In the slums of Buenos Aires, government aid has been slow to materialize. Instead, community organizations are leading the fight.
Migrant women are the eyes and hands of Villa 1-11-14, where the Argentine state is overwhelmed or, at times, disconnected. "What the government doesn’t do, we do." Amid the pandemic, to exist is to exist politically.
National politics have local implications in Buenos Aires, where activists are divided on a plan to upgrade the city’s most iconic informal settlement.
While reporting on property rights in Argentina, grantee Olivia Sohr struggled to find available data. Here's a look into how she navigated the disorganized system in Buenos Aires.
Property deeds may seem like a formality, but they can impact people's quality of life. When the state doesn't provide deeds, it leaves families in legal limbo with few resources.
Kinstler traveled to Buenos Aires, Argentina, and Ludwigsburg, Germany, to observe the work of Central Office prosecutors, who scour archives in the pursuit of sorely belated justice.
Since 1958, a handful of German government prosecutors have sought to bring members of the Third Reich to trial. But the world’s biggest cold-case investigation will soon be shut down
The Argentinian capital’s many cooperatives showed that Occupy movements were not simply a response to economic crisis—they could be sustainable business models, too.
The most controversial conservationists on the continent, Doug and Kristine Tompkins, have dedicated their lives and capital to write the future for Patagonia, but their changes are not welcome.
Local residents in Cochrane refuse to celebrate Chile's recent victory over mega-dam development. The rising price of energy and hazardous air conditions have prolonged the debate.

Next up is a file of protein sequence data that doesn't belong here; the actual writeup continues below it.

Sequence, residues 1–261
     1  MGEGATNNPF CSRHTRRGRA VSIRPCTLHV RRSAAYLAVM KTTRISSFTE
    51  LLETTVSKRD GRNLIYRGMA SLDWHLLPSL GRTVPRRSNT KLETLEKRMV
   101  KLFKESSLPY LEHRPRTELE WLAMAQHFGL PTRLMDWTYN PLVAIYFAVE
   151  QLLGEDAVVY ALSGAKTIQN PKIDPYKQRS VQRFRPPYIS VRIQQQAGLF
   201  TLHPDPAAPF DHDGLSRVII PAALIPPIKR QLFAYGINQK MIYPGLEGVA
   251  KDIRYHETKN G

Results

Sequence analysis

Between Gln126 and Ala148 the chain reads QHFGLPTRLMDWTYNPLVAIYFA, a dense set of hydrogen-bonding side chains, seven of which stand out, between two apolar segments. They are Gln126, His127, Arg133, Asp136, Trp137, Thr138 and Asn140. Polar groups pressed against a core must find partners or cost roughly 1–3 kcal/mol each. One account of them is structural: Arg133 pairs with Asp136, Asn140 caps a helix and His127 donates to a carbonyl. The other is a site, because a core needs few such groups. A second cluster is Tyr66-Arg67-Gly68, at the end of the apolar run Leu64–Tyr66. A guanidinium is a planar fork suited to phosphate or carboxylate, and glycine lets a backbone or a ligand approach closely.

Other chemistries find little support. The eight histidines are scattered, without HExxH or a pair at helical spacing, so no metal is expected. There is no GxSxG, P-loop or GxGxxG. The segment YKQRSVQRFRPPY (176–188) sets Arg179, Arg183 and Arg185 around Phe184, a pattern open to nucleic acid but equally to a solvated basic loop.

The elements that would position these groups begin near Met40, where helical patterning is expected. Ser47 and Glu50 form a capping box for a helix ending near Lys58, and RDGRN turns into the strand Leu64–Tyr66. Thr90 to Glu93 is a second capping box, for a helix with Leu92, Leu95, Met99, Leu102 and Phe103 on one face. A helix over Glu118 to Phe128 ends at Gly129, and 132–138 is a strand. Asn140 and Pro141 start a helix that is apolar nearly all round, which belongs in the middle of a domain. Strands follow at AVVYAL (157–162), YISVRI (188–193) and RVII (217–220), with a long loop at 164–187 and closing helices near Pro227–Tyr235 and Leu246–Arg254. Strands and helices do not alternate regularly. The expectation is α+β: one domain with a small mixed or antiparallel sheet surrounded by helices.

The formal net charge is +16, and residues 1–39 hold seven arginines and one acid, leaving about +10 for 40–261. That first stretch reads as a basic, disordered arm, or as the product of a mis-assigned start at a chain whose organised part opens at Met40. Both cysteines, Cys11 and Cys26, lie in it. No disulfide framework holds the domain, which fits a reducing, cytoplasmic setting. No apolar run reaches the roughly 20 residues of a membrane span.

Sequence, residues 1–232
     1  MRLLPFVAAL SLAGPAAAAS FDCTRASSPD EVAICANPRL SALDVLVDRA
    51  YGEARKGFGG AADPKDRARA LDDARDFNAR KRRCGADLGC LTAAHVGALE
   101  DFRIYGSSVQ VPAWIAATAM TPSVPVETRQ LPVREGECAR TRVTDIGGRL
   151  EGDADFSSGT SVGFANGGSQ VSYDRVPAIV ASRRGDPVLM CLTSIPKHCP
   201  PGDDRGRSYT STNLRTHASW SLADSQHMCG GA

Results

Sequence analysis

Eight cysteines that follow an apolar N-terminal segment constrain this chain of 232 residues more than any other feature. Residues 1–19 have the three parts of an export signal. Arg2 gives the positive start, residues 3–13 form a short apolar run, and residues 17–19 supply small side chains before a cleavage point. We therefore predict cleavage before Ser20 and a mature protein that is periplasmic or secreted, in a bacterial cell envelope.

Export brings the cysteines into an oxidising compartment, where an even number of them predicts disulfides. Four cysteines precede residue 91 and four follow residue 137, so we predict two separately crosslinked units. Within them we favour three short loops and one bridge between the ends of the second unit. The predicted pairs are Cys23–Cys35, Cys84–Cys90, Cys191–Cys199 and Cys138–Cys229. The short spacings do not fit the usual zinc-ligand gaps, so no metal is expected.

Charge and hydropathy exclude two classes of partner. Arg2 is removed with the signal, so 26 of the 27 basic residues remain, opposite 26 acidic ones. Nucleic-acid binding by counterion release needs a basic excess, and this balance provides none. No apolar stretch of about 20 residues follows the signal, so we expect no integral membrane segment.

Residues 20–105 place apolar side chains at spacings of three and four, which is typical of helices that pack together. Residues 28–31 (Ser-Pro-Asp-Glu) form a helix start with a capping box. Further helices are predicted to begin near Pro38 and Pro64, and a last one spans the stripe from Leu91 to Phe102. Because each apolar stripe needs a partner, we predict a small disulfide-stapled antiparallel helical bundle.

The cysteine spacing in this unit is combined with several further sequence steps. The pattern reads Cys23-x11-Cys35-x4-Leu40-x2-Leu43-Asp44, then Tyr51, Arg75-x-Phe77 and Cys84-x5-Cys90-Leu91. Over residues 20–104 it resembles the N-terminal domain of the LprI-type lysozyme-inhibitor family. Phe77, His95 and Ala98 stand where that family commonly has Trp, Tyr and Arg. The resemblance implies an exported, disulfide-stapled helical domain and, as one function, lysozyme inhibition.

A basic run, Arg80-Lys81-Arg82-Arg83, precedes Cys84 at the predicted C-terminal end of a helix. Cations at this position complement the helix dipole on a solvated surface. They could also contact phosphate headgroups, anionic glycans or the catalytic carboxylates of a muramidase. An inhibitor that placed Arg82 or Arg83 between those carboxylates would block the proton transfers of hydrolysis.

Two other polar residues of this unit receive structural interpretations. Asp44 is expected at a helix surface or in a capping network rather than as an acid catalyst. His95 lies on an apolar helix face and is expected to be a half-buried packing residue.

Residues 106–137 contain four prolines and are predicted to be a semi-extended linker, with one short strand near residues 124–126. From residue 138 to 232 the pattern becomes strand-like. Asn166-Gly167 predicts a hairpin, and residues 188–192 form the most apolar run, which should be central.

Clinical trials for US-bound drugs are increasingly conducted in Central and South America because it's cheaper and faster. But does this efficiency compromise safety for trial participants?
Argentina is in the midst of election season and cartonero cooperatives are trying to join forces to seek recognition from politicians.
Immigrant women from the Bajo Flores slum are at the lead of the resistance and fight against COVID-19 in Buenos Aires, Argentina
Forty thousand people live in substandard conditions in downtown Buenos Aires' Villa 31. With property deeds and infrastructure upgrades, can authorities finally resolve the eyesore on their front doorstep?
What happens when people are given property titles for houses they are living in? This project studies the impacts in three countries.
A team of German prosecutors are scouring two continents for Nazis who have managed to escape justice, hoping to bring them to trial before it's too late.
The trash pickers of Buenos Aires are an unsanctioned but accepted part of city life. Now the government is looking to officially incorporate them in the waste disposal system.
Argentina's economic crisis in the early 2000s threw tens of thousands out of work. For many, working for themselves as cartoneros, people who collect trash to sell to recycling centers, became the only option to put food on the table. But now the deteriorating trains used by cartoneros to...
How can property titles change someone’s life? A look at the evidence on social housing in Buenos Aires and how being a legal owner can have an impact on quality of life.
Claire Provost and Matt Kennard discuss their six-month exploration of the transfer of territory around the globe from the state to corporations for the past six months.
This is a painting lesson that combines Pablo Picasso's famous 1937 Guernica with current day issues presented from The Pulitzer Center.
This is a painting lesson that combines Pablo Picasso's famous 1937 "Guernica" with current day issues presented by the Pulitzer Center.
This is a painting lesson that combines Pablo Picasso's famous 1937 Guernica with current day issues presented by the Pulitzer Center.
This lesson plan outlines a project that allows students the opportunity to connect with a contemporary crisis somewhere in the world.